Listen, Little Man! (Paperback)

Listen, Little Man! Cover Image
By Wilhelm Reich, William Steig (Illustrator), Ralph Manheim (Translated by)
$16.00
Not On Our Shelves—Ships in 1-5 Days

Description


Listen, Little Man! is a great physician's quiet talk to each one of us, the average human being, the Little Man. Written in 1946 in answer to the gossip and defamation that plagued his remarkable career, it tells how Reich watched, at first naively, then with amazement, and finally with horror, at what the Little Man does to himself; how he suffers and rebels; how he esteems his enemies and murders his friends; how, wherever he gains power as a "representative of the people," he misuses this power and makes it crueler than the power it has supplanted.

Reich has us to look honestly at ourselves and to assume responsibility for our lives and for the great untapped potential that lies in the depth of human nature.

About the Author


Wilhelm Reich, a native of Austria, was born in 1897. His many works include Listen, Little Man!, Character Analysis, and The Mass Psychology of Fascism. He died in 1957.

William Steig (1907-2003) was a cartoonist, illustrator and author of award-winning books for children, including Shrek!, on which the DreamWorks movies are based. Steig was born in New York City. Every member of his family was involved in the arts, and so it was no surprise when he decided to become an artist. He attended City College and the National Academy of Design. In 1930, Steig’s work began appearing in The New Yorker, where his drawings have been a popular fixture ever since. He published his first children's book, Roland the Minstrel Pig, in 1968. In 1970, Steig received the Caldecott Medal for Sylvester and the Magic Pebble. His books for children also include Dominic; The Real Thief; The Amazing Bone, a Caldecott Honor Book; Amos & Boris, a National Book Award finalist; and Abel's Island and Doctor De Soto, both Newbery Honor Books. Steig's books have also received the Christopher Award, the Irma Simonton Black Award, the William Allen White Children's Book Award, and the American Book Award. His European awards include the Premio di Letteratura per l'infanzia (Italy), the Silver Pencil Award (the Netherlands), and the Prix de la Fondation de France. On the basis of his entire body of work, Steig was selected as the 1982 U.S. candidate for the Hans Christian Andersen Medal for Illustration and subsequently as the 1988 U.S. candidate for Writing. Steig also published thirteen collections of drawings for adults, beginning with About People in 1939, and including The Lonely Ones, Male/Female, The Agony in the Kindergarten, and Our Miserable Life. He died in Boston at the age of 95.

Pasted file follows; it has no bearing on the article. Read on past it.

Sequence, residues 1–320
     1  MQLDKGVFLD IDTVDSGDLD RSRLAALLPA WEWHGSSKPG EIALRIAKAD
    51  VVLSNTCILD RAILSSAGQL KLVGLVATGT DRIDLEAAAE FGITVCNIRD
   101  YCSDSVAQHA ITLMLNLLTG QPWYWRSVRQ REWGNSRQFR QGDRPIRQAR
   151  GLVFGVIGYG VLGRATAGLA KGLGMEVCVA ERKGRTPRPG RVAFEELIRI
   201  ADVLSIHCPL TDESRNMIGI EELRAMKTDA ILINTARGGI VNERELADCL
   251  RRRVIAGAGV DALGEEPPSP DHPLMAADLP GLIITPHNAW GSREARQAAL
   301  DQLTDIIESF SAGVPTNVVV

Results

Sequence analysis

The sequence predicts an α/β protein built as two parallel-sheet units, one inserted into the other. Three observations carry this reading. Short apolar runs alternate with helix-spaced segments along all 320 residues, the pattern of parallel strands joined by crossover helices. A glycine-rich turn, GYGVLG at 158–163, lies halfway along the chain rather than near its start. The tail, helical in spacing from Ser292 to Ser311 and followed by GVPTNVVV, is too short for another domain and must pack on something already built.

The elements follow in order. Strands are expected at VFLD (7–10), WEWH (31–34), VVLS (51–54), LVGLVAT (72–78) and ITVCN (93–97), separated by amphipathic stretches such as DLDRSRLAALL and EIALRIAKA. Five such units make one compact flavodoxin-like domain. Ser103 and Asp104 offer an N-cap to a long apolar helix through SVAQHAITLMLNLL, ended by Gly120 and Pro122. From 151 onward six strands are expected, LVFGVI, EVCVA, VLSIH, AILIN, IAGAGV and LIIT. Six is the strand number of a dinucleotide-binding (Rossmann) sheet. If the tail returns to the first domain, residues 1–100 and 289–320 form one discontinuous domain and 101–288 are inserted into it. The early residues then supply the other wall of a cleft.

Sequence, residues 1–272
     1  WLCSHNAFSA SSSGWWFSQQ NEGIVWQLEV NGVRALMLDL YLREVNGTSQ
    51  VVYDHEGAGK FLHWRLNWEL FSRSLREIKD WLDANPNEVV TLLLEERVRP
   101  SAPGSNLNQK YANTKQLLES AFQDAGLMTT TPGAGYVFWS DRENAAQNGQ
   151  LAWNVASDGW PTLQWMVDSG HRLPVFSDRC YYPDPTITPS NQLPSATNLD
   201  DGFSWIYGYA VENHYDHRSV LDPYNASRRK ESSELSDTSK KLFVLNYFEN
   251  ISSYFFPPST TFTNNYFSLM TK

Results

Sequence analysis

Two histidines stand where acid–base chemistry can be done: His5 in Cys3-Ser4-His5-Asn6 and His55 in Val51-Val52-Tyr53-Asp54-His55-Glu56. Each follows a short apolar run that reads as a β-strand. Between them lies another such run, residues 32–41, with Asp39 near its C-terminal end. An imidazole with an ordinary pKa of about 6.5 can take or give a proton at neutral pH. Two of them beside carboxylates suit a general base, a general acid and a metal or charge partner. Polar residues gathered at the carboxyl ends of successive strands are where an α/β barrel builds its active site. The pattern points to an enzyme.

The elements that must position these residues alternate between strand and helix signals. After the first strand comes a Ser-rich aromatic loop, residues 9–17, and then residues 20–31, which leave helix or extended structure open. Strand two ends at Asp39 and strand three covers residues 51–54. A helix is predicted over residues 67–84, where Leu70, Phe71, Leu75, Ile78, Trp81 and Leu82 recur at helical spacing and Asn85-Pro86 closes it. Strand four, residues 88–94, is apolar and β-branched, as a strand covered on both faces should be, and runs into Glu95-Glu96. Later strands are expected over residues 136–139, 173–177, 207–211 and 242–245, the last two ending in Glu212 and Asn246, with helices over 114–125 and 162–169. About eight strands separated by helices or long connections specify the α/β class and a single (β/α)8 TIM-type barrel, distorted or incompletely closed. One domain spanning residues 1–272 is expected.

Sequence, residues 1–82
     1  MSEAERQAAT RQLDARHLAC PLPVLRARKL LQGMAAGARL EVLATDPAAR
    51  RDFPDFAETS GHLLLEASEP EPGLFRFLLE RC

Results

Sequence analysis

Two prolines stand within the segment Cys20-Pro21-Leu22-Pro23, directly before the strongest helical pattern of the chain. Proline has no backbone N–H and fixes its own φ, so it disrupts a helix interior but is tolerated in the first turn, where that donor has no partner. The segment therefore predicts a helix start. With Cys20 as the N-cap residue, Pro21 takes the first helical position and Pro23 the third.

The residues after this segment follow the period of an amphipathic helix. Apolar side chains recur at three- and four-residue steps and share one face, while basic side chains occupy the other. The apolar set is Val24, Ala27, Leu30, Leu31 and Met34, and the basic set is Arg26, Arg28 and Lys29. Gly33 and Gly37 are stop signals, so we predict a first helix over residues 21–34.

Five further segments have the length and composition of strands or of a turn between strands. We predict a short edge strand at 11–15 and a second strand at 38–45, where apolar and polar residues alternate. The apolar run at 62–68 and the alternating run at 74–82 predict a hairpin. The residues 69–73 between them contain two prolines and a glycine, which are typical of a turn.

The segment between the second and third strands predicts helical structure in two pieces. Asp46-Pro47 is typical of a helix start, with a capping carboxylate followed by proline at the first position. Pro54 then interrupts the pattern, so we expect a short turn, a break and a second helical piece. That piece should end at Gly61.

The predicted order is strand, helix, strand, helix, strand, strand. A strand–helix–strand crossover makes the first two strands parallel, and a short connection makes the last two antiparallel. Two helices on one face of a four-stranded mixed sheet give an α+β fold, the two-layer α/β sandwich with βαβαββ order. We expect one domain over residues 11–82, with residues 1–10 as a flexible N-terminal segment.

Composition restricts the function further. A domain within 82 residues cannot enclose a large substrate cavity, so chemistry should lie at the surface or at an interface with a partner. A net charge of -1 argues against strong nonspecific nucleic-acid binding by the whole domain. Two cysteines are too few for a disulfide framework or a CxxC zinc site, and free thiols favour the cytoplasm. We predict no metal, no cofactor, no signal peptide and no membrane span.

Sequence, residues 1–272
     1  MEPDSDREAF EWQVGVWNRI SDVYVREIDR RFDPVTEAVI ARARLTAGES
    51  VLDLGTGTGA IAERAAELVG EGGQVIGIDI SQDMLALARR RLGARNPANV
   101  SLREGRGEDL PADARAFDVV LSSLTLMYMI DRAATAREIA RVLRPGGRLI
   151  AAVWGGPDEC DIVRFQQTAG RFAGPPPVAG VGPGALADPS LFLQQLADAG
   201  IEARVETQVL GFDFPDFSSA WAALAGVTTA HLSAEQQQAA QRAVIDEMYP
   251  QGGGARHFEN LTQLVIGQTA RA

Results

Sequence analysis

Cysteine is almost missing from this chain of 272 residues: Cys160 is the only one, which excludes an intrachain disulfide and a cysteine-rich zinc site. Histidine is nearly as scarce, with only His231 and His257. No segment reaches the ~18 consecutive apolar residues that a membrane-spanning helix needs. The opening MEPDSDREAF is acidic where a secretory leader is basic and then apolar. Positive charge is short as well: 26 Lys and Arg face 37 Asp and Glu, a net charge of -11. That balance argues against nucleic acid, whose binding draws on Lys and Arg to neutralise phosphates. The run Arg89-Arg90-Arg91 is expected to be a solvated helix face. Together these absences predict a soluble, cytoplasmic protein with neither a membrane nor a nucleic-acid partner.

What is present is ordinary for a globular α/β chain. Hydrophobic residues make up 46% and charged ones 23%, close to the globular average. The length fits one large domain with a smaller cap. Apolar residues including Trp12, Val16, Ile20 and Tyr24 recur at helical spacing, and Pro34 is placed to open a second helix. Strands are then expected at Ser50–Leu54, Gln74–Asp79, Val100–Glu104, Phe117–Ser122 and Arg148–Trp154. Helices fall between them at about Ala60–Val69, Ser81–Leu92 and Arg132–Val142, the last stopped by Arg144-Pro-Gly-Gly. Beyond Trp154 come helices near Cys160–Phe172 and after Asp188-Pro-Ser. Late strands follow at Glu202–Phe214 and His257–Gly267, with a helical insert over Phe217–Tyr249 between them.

Ralph Manheim (b. New York, 1907) was an American translator of German and French literature. His translating career began with a translation of Mein Kempf in which Manheim set out to reproduce Hitler's idiosyncratic, often grammatically aberrant style. In collaboration with John Willett, Manheim translated the works of Bertolt Brecht. The Pen/Ralph Manheim Medal for translation, inaugurated in his name, is a major lifetime achievement award in the field of translation. He himself won its predecessor, the PEN translation prize, in 1964. Manheim died in Cambridge in 1992. He was 85.


Product Details
ISBN: 9780374504014
ISBN-10: 0374504016
Publisher: Farrar, Straus and Giroux
Publication Date: January 1st, 1974
Pages: 144
Language: English
Series: Noonday

Membership Benefits

Membership 
 

 Gift cards can be used online or in-store.

Gift Card